The failure to open it also raises further questions about whether the Government, and the whole country, are ready for the imminent National Health Insurance (NHI) implementation, given that strengthening of the public health sector’s infrastructure has been identified as essential to the scheme’s success.

An open mini-hospital, apart from providing improved healthcare for Exumians, would also be attractive for second home buyers and other investors scouting the island due to the knowledge that quality services were on offer.

“It’s not emphasising the importance of the clinic’s opening, and it’s not emphasising the importance of empowering locals,” Mr Rolle told Tribune Business of the situation.

“It’s retarding the progress of the island. The clinic has benefits to us that empower us and allow us to go forward. That clinic has been sitting there for two years, not generating any benefits.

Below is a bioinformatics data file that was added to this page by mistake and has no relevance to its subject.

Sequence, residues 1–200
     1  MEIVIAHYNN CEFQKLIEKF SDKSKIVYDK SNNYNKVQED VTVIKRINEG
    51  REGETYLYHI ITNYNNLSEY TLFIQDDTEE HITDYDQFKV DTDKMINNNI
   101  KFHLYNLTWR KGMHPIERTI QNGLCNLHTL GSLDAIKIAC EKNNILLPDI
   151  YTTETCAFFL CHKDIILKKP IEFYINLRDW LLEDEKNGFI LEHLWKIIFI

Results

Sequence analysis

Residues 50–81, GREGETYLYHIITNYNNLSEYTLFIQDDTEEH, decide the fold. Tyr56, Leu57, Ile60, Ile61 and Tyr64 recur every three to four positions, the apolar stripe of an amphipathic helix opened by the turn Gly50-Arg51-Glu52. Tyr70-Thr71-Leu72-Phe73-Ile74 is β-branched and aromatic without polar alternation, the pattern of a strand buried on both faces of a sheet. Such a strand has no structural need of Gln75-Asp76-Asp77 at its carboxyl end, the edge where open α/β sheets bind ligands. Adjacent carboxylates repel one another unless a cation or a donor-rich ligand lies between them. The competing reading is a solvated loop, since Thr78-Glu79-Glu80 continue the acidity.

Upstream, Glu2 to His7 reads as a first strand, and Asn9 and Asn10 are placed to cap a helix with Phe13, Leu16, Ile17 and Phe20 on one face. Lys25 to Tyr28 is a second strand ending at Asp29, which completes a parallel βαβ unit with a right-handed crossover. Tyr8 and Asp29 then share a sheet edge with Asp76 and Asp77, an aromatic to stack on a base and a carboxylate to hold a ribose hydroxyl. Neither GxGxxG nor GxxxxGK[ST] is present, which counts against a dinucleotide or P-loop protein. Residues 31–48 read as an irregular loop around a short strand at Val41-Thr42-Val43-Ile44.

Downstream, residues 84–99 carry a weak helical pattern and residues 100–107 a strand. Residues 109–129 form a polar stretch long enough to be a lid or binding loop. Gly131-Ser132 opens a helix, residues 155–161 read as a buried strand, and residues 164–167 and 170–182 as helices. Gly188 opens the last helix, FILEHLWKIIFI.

“Economic growth, development and employment are tied into something taken for granted. It’s more than just the $14 million sitting there. It’s that money and all the residual benefits that flow from it.”

They include a more productive and healthy workforce, and Mr Rolle said the mini-hospital’s current status was akin to “a museum piece”.

“This mini-hospital remains a source of confusion for many,” he added.

“The hope was that this would have been opened two years ago. Today, it stands as some type of museum piece to be viewed from a distance.